The senate hoped to use the fact that Caesar had violated the letter of Republican law while on campaign to strip him of his authority. Caesar had committed illegal acts, including waging war without authorization from the senate, but he was protected from prosecution so long as held an authorized military command; by refusing to renew his command or allow him to run for office as consul, he would be open to charges. His enemies in the senate feared his tremendous influence with the people of Rome, so the conflict was as much about factional infighting among the senators as fear of Caesar imposing some kind of tyranny.
Caesar knew what awaited him in Rome - charges of sedition against the Republic - so he simply took his army with him and marched off to Rome. In 49 BCE, he dared to cross the Rubicon River in northern Italy, the legal boundary over which no Roman general was allowed to bring his troops; he reputedly announced that “the die is cast” and that he and his men were now committed to either seizing power or facing total defeat. The brilliance of Caesar's move was that he could pose as the champion of his loyal troops as well as that of the common people of Rome, whom he promised to aid against the corrupt and arrogant senate; he never claimed to be acting for himself, but instead to protect his and his men’s legal rights and to resist the corruption of the senate.
Pompey had been the most powerful man in Rome, both a brilliant general and a gifted politician, but he did not anticipate Caesar’s boldness. Caesar surprised him by marching straight for Rome; Pompey only had two legions, both of whom had served under Caesar in the past. Thus, he had to recruit new troops, many of whom defected to Caesar as he marched through Italy. Pompey fled to Greece, but Caesar followed him and defeated his forces in battle in 48 BCE. Pompey himself escaped to Egypt, where he was promptly murdered by agents of the Ptolemaic court who had read the proverbial writing on the wall and knew that Caesar was the new power to contend with in Rome. Caesar himself came to Egypt and stayed long enough to forge a political alliance, and carry on an affair, with the queen of Egypt: Cleopatra VII, last of the Ptolemaic dynasty. Caesar helped her defeat her brother (to whom she was married, in the Egyptian tradition) in a civil war and to seize complete control over the Egyptian state. She also bore him his only son, Caesarion.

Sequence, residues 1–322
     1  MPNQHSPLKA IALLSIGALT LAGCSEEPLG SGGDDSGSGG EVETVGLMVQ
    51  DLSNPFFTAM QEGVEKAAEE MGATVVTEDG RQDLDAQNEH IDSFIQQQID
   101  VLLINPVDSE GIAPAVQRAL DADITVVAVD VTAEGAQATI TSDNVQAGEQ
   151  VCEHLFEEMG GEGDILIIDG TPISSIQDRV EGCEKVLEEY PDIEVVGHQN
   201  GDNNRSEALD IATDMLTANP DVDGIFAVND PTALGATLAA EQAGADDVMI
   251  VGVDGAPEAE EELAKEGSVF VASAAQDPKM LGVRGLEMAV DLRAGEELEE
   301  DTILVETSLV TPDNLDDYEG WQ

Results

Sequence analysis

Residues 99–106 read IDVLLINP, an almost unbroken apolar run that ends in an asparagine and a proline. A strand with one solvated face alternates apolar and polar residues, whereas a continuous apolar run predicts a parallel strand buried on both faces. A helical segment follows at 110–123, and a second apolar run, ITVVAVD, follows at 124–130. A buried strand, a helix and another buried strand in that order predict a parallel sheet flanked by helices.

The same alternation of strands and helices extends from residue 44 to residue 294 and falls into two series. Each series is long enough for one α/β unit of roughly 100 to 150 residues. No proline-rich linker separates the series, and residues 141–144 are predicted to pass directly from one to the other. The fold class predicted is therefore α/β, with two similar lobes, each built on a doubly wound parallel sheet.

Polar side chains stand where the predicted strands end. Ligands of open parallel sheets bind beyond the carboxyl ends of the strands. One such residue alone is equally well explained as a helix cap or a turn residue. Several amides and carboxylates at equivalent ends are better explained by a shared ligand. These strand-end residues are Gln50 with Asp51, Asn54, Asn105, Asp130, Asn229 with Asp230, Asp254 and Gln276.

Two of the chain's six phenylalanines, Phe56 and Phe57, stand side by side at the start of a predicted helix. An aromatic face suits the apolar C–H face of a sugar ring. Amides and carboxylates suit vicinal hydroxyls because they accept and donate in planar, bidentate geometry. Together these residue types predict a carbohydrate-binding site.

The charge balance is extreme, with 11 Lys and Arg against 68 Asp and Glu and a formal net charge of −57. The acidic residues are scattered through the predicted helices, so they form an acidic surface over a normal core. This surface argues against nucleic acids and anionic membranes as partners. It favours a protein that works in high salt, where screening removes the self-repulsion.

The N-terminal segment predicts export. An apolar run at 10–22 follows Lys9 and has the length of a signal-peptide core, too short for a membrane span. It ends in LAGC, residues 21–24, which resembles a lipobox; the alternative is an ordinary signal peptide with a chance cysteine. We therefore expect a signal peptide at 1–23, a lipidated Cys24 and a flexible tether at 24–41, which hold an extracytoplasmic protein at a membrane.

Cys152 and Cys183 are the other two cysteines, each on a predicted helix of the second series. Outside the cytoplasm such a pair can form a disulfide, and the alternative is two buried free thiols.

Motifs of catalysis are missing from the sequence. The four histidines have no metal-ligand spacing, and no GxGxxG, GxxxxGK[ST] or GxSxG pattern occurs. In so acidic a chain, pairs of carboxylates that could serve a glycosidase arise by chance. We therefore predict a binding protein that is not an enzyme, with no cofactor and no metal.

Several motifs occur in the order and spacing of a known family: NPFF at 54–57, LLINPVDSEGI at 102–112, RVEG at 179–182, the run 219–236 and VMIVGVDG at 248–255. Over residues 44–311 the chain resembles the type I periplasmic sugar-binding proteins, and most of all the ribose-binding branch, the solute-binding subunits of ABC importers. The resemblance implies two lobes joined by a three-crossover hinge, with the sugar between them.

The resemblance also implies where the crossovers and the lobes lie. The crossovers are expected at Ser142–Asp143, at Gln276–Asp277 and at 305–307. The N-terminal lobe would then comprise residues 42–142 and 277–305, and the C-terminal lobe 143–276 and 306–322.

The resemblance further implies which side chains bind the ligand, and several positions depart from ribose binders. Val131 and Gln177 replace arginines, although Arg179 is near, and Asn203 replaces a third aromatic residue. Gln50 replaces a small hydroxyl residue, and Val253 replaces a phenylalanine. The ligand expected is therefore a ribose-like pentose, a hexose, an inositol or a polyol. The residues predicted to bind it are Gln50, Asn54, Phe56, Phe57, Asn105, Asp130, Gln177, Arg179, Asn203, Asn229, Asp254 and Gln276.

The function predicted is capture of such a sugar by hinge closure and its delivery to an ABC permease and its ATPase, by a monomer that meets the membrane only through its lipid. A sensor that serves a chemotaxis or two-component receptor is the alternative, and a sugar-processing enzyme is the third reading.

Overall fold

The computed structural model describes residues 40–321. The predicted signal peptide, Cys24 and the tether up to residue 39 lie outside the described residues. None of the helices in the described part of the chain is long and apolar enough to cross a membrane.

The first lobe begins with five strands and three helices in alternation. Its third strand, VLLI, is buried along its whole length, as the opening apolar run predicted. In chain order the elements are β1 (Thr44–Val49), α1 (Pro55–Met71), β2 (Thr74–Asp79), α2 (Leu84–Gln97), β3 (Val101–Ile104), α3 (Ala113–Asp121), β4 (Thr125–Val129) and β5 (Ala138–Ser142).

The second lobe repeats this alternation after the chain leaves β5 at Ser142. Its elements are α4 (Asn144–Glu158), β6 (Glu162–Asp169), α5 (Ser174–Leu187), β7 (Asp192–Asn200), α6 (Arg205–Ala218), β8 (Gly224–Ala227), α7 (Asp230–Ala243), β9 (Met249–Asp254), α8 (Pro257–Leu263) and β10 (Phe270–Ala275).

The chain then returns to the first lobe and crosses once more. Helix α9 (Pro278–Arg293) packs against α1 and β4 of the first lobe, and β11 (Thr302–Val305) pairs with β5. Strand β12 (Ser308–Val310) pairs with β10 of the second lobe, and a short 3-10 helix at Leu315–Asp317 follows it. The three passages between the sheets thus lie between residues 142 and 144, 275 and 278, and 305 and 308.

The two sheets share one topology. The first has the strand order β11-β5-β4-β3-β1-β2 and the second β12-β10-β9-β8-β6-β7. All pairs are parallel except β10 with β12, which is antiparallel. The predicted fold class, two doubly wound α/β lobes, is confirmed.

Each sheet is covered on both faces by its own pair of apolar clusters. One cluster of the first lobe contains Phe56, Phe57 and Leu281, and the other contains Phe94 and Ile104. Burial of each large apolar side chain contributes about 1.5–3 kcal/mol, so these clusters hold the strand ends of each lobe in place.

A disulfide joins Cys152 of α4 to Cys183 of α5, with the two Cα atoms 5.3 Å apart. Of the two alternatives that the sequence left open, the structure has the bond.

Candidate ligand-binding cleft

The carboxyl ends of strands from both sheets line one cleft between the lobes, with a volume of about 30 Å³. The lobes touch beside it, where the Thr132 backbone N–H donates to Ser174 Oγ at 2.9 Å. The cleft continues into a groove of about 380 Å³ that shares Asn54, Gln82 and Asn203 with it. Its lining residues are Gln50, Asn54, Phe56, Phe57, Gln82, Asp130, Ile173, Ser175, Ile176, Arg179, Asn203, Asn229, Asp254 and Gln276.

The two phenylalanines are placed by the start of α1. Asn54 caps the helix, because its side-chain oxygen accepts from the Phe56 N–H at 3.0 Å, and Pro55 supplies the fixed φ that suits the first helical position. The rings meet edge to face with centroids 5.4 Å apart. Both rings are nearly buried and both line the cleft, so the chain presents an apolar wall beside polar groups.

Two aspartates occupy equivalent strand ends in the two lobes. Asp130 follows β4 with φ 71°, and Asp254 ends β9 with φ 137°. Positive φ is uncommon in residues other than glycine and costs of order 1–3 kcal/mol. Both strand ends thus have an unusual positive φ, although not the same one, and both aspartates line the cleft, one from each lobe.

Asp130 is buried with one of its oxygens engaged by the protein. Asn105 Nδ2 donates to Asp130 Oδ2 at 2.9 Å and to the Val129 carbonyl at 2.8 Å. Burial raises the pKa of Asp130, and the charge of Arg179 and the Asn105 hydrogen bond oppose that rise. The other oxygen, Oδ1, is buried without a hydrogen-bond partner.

Caesar returned to Rome two years later after hunting down Pompey's remaining loyalists. There, he had himself declared dictator for life and set about creating a new version of the Republic that answered directly to him. He filled the senate with his supporters and established military colonies in the lands he had conquered as rewards for his loyal troops (which doubled as guarantors of Roman power in those lands, since veterans and their families would now live there permanently). He established a new calendar, which included the month of “July” named after him, and regularized Roman currency. Then he promptly set about making plans to launch a massive invasion of Persia.
Instead of leading another glorious military campaign, however, in March of 44 BCE Caesar was assassinated by a group of senators who resented his power and genuinely desired to save the Republic. The result was not the restoration of the Republic, however, just a new chapter in the Caesarian dictatorship. Its architect was Caesar’s heir, his grand-nephew Octavian, to whom Caesar left (much to almost everyone’s shock) almost all of his vast wealth.